To: Calvin McDonald, President and CEO of Sephora Americas

Dear Calvin,

Normally when you search for a company’s name followed by the word “problem,” you end up with a lot of complaints. But when you run that search for Sephora, the results are mostly about customers who can’t stop spending at your stores.

While these messages are incredible testimonials that live online, across Instagram, Twitter and your own Beauty Insider message boards, they haven’t yet made it into your stores. That can—and should—change.

Here’s one idea about how to do it:

Bring Sephora’s online praise into the store.

When Amazon opened its first slate of physical bookstores, it used its online prowess to inform its offline buildout. One of the biggest evolutions was using customer reviews to curate the in-store selection, including tables featuring “Highly Rated” books and “Top Sellers.” Using data to inform its buying and merchandising, Amazon put products in front of shoppers that were more likely to sell.

But Amazon didn’t stop at the back end. It also created cards in front of almost every book that feature a customer review, giving the shopper a more intimate understanding of why she should buy the book.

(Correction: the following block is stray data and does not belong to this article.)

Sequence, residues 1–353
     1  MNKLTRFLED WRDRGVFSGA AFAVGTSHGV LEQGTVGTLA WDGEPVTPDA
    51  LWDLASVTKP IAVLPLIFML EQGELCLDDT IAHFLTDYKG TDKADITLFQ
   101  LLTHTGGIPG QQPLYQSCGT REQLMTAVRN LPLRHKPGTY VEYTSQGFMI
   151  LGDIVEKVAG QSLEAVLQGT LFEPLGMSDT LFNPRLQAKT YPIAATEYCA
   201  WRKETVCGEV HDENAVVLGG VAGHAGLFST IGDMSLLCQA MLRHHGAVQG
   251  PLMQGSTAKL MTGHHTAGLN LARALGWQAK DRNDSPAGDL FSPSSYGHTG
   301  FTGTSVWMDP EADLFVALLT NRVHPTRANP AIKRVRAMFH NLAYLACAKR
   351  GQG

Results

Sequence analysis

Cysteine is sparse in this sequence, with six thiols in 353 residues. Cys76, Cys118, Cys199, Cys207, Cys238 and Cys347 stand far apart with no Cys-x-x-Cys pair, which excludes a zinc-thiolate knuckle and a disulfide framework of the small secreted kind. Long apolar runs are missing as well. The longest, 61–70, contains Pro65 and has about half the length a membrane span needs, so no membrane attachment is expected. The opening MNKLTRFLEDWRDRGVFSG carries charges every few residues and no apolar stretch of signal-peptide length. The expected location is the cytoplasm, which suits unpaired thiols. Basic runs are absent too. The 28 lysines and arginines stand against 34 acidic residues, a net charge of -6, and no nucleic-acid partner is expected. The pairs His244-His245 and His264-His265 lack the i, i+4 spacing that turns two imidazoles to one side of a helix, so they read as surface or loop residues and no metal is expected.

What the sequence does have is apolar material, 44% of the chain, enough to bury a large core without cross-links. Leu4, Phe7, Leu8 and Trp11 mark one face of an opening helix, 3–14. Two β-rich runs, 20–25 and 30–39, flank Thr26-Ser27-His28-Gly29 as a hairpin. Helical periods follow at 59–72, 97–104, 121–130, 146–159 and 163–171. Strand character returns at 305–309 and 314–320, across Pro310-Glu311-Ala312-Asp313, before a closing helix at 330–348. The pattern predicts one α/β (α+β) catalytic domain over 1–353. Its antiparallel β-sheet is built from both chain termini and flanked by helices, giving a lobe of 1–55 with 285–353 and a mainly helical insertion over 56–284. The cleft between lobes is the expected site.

Your shoppers produce an immense amount of compelling user-generated content about your stores and the products in them for free, handing Sephora a massive opportunity for utilizing this content in-store. Featuring both user-generated text and images alongside your products could give a shopper a better sense of how products look and work, and, most importantly, why they are worth purchasing.

Connecting shoppers with your incredibly adept sales associates, in addition to crowdsourced reviews, will only supplement Sephora’s sales. Think about how sporting arenas feature tweets and images from fans during lulls in action on the field, or how Glossier features product testimonials from its ambassadors on their custom pages.

While Amazon does this in a manual way, printing individual cards, you could install small tablets or screens that produce much more dynamic testimonials, especially around customer images and videos. Maybe, down the road, there could be an affiliate program for which  content creators are rewarded when they help drive a sale. The options are limitless.

This is just one idea among many others that could put Sephora in a league of its own when it comes to bridging the gap between online and offline. Let me know if you’d like to hear more.

Richie Siegel
Founder and CEO
Loose Threads